Third step in cloud migration – qualification

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This is the fourth in a multi-part series. Follow the series here.

In this installment, we’ll look at qualification.  Since Barracuda is a cloud security provider, our discussions will naturally focus on security considerations.  When we talk about qualification, we’re really talking about two things that can go hand-in-hand:  a proof-of-concept, and a framework reference architecture. 

The Shared Responsibility Model means that while your cloud provider will ensure rock-solid security for AWS, you’ll need something additional in front of your cloud-resident applications and workloads to secure them from attacks and be able to monitor and log activity.


Diagram of the AWS Shared Security Model. Click here for more information.
 

Whether you do this with native tools or third parties is dependent upon the features you need.  For example, healthcare is concerned over data privacy (HIPAA is an obvious requirement but there can be equally stringent local requirements), while financial institutions absolutely need the ability to monitor and log access and activity. 

You already set-up security on your local workloads, so you know what you’ll need to duplicate in the cloud.  You may also want or need a single way to visualize data to and through the cloud.  The obvious example here are hybrid configurations that many companies end up deploying:  selecting a single security vendor who can provide end-to-end visibility may be a key part of your considerations.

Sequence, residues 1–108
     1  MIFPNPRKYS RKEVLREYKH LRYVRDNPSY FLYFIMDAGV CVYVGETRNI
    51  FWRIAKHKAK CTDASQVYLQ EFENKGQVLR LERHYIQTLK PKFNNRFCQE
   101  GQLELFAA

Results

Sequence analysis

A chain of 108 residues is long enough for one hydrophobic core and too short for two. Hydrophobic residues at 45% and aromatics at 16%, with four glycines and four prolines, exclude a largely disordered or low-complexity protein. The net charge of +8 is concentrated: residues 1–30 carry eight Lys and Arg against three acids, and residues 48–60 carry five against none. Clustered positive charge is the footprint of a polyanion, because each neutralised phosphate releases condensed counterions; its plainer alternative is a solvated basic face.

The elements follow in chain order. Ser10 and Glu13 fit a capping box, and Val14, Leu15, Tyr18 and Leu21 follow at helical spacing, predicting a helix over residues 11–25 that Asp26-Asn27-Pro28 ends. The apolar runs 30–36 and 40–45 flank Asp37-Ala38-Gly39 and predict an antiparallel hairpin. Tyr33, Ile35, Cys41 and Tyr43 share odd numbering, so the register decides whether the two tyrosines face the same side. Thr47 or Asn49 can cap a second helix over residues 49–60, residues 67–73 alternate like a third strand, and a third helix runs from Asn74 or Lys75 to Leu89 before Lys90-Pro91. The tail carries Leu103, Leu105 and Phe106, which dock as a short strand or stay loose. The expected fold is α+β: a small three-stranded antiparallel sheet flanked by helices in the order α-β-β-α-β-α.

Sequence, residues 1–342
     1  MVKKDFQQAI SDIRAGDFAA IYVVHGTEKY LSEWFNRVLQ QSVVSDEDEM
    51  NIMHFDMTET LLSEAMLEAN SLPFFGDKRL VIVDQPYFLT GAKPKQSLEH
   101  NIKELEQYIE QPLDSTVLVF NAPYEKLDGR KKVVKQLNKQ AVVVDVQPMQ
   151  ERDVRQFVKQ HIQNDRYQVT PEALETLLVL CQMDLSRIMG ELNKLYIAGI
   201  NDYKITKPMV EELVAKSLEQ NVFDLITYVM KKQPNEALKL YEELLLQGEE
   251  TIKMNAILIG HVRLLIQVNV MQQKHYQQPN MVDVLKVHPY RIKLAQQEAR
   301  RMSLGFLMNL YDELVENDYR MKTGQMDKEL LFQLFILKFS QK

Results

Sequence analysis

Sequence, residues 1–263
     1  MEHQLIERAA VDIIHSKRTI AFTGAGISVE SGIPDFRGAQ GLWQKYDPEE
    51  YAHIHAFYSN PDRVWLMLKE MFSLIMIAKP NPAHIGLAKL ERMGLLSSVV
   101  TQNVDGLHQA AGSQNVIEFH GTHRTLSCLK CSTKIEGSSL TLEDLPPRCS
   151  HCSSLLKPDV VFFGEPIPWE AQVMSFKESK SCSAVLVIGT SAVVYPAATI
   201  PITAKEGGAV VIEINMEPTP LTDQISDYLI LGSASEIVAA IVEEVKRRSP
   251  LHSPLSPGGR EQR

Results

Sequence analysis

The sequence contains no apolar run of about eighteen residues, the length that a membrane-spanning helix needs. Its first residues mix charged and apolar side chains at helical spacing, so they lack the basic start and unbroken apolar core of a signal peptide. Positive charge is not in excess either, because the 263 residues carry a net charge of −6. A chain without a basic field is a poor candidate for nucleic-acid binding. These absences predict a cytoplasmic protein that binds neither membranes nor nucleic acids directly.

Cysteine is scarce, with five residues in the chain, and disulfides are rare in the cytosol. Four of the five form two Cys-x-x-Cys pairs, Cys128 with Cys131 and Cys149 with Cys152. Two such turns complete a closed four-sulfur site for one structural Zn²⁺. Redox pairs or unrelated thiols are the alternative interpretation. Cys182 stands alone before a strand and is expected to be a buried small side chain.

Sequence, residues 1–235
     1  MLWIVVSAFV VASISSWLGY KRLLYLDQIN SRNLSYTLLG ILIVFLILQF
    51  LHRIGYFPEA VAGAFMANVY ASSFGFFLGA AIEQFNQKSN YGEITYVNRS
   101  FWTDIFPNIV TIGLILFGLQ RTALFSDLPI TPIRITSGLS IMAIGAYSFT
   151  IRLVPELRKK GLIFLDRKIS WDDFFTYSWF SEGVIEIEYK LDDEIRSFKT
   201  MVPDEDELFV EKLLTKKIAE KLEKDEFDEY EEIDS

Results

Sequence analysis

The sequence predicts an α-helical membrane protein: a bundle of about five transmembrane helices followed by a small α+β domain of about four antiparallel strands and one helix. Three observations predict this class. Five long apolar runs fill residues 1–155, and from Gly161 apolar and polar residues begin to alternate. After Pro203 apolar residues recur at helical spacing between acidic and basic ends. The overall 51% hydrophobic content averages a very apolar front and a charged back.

So qualification is ensuring the chosen vendor (or vendors) can provide all the features you require.  Typically this can be accomplished through a short proof-of-concept (sub-30 days) but most companies also take this opportunity with their vendor or service provider to identify a framework reference architecture against which they can migrate or move multiple workloads.  Just like their on-premises counterparts, cloud-facing security solutions are a one-to-many proposition:  a single firewall or pair of firewalls (for clustering and failover) can support a number of discrete workloads (formerly VMs). 

So your qualification is really the final test-phase for the first workload or application you’re going to migrate – with the rest of your requirements following this first cloud deployment.

In our next installment, we’ll look at security in a bit more depth as it’s already played a critical part in your steps to cloud deployment.

If you would like more information on how Barracuda can help you migrate to the public cloud, visit us on the web here:

Amazon Web Services (AWS)
Microsoft Azure

 

 

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